The Family Business
Moonlight Orchard is a Rizzato family business established in 1954. Their Moonlight Orchard business is apples – Granny Smith, Pink Lady, Gala, Red Delicious, Fuji, Kanzi, Rockit, Kalei and other varieties. Dino Rizzato is at the helm, alongside his wife Nella, who manages the packing shed. Sons Daniel (31) and Rodney (29) and daughter Olivia (30) play important roles in their successful family operation. Olivia, the office manager, looks after business and marketing. Rodney is the post-harvest manager and is also responsible for the machinery and maintenance. Daniel is the field manager, supervising and organising the day-to-day operations throughout the year.
Dino’s parents, Italian immigrants with limited farming experience, started the farm back in 1954. Dino’s father arrived in 1949, and his mother in 1951, both looking for a better life after the war. They then worked for 2 ½years to pay off their fare for the voyage. They met, married and settled in Pozieres, the local district north of Stanthorpe and had three sons. Pozieres is now home to the fourth generation of the Rizzato family after the birth of Olivia’s daughter, Quinn, to husband Nick.
In 1954, the original 50-acre farm had 10 acres cleared. After planting apple trees, they grew vegetables to supplement their income until the apples bore fruit. The hub of the current farm, including the packing shed and home, is on the original farm. Dino’s parents built the original shed by hand. They hand-pressed the cement blocks and dried them over the winter. That shed, with its hand-made decorative blocks, still stands at the entrance to the modernpacking shed. Dino and his brothers worked in the business until 2004 when Dino and his family took over.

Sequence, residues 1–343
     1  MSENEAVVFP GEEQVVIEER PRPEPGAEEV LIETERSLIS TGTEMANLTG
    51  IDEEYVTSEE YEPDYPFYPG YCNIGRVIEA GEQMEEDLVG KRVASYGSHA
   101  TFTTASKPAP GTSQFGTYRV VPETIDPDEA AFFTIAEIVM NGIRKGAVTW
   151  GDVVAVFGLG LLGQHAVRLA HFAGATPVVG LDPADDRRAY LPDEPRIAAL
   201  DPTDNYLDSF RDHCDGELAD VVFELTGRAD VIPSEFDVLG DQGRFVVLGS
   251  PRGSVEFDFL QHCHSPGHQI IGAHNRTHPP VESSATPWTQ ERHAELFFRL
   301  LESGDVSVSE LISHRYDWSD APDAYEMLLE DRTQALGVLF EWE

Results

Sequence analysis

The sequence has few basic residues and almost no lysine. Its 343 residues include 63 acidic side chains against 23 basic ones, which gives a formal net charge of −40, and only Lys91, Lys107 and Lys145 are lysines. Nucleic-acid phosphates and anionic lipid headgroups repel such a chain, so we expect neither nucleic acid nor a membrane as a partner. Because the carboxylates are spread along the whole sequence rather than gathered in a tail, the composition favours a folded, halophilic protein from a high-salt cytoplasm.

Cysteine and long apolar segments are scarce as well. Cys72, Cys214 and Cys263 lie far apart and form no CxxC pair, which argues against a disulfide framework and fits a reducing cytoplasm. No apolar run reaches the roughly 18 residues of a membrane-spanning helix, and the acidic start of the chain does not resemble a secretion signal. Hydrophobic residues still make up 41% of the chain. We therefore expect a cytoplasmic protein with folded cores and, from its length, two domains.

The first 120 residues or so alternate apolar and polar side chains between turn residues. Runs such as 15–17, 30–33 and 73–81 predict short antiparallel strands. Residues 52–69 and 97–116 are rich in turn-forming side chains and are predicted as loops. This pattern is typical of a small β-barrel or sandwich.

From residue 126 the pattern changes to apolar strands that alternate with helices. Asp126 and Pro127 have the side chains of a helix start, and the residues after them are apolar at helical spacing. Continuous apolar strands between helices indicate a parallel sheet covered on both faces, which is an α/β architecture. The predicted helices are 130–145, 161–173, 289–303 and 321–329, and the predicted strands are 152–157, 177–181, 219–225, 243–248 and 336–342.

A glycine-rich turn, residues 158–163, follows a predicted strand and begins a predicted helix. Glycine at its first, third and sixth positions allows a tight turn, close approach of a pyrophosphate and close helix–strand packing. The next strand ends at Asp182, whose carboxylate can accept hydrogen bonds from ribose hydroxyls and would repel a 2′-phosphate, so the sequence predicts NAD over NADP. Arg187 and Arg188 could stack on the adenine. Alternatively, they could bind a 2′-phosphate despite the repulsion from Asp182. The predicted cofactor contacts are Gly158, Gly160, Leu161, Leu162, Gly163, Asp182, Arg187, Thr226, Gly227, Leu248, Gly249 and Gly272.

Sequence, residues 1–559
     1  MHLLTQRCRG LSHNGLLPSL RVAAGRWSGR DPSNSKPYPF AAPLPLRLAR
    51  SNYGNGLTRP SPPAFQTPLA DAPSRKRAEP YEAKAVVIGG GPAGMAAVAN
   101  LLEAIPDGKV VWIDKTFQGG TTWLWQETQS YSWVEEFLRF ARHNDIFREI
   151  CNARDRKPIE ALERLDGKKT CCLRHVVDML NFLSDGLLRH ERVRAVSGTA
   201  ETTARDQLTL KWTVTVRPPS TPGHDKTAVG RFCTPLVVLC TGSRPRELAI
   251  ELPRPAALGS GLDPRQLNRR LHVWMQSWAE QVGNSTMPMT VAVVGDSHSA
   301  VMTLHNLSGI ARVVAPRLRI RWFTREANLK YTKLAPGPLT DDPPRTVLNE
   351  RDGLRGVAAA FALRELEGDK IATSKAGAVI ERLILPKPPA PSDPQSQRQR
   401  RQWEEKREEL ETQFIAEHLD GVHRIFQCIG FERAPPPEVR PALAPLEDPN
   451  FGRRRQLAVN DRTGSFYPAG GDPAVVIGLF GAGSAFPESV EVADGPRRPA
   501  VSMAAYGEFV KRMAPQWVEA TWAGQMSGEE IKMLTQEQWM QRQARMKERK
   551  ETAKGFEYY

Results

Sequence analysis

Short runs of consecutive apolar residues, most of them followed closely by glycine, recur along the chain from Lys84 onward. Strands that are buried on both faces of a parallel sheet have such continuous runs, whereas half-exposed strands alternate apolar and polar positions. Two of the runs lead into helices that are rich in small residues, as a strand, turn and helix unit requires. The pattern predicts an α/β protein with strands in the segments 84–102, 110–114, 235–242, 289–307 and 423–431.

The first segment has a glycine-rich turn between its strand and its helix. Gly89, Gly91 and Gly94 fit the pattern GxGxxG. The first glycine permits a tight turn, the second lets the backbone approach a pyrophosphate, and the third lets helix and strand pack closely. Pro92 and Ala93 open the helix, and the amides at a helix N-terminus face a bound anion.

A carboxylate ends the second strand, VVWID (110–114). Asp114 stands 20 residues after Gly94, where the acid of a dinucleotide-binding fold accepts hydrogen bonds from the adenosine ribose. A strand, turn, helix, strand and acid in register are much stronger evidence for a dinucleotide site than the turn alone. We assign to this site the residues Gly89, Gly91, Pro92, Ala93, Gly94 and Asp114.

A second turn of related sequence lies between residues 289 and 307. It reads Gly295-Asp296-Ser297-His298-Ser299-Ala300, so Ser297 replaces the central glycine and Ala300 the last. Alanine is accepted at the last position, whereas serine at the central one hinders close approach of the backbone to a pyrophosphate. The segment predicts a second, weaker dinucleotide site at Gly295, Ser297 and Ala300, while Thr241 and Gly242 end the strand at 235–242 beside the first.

The Region and the Project
Dino said that the original growers had it tough. “The people who got this district going had started with nothing. They did everything the hard way,” he said. “They needed water, land and machinery – all used the most efficient way, but the hardest way. As their business grew, so did the town. This region has developed a lot of good businesses in the same way. “We don’t have access to water like the big towns and their businesses. We need water to sustain the businesses we have now. We need to keep them alive. And for that we need to know there’s water in the dry time. “Here on the Granite Belt, we have a unique microclimate, the only area in Queensland growing apples and most of the summer vegetables. The established growers and the innovative young growers in this area adapting new commodities need certainty with water,” Dino said.
Importance of Water
Like many growers, the Rizzato family have struggled in the dry times. In 1991, they went as far as Innisfail to pick up a truck and water tanker to cart water from properties that were several kilometres away. They last used the tanker in 2002, but since then, they’ve bought multiple parcels of land just to get access to water. That’s why Dino is looking forward to the Granite Belt Irrigation Project. “We need the security. Not just for our Rizzato family business, but for all the irrigators and businesses in the region. “We all want to see the town and district survive and prosper. The town, community and irrigators deserve to have this water security,” Dino said.